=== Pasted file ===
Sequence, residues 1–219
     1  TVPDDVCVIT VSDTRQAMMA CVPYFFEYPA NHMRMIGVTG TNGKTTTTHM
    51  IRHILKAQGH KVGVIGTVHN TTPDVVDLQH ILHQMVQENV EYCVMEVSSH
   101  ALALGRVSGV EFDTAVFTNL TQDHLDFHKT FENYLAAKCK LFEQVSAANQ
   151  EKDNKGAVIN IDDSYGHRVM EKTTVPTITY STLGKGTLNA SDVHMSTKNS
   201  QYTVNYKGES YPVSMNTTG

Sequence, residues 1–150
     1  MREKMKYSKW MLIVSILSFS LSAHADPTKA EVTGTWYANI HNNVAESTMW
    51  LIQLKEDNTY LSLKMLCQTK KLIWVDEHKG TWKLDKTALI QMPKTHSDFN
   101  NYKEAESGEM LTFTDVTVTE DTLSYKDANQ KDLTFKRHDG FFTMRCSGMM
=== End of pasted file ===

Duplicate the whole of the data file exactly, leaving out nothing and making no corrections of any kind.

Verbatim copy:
Sequence, residues 1–219
     1  TVPDDVCVIT VSDTRQAMMA CVPYFFEYPA NHMRMIGVTG TNGKTTTTHM
    51  IRHILKAQGH KVGVIGTVHN TTPDVVDLQH ILHQMVQENV EYCVMEVSSH
   101  ALALGRVSGV EFDTAVFTNL TQDHLDFHKT FENYLAAKCK LFEQVSAANQ
   151  EKDNKGAVIN IDDSYGHRVM EKTTVPTITY STLGKGTLNA SDVHMSTKNS
   201  QYTVNYKGES YPVSMNTTG

Sequence, residues 1–150
     1  MREKMKYSKW MLIVSILSFS LSAHADPTKA EVTGTWYANI HNNVAESTMW
    51  LIQLKEDNTY LSLKMLCQTK KLIWVDEHKG TWKLDKTALI QMPKTHSDFN
   101  NYKEAESGEM LTFTDVTVTE DTLSYKDANQ KDLTFKRHDG FFTMRCSGMM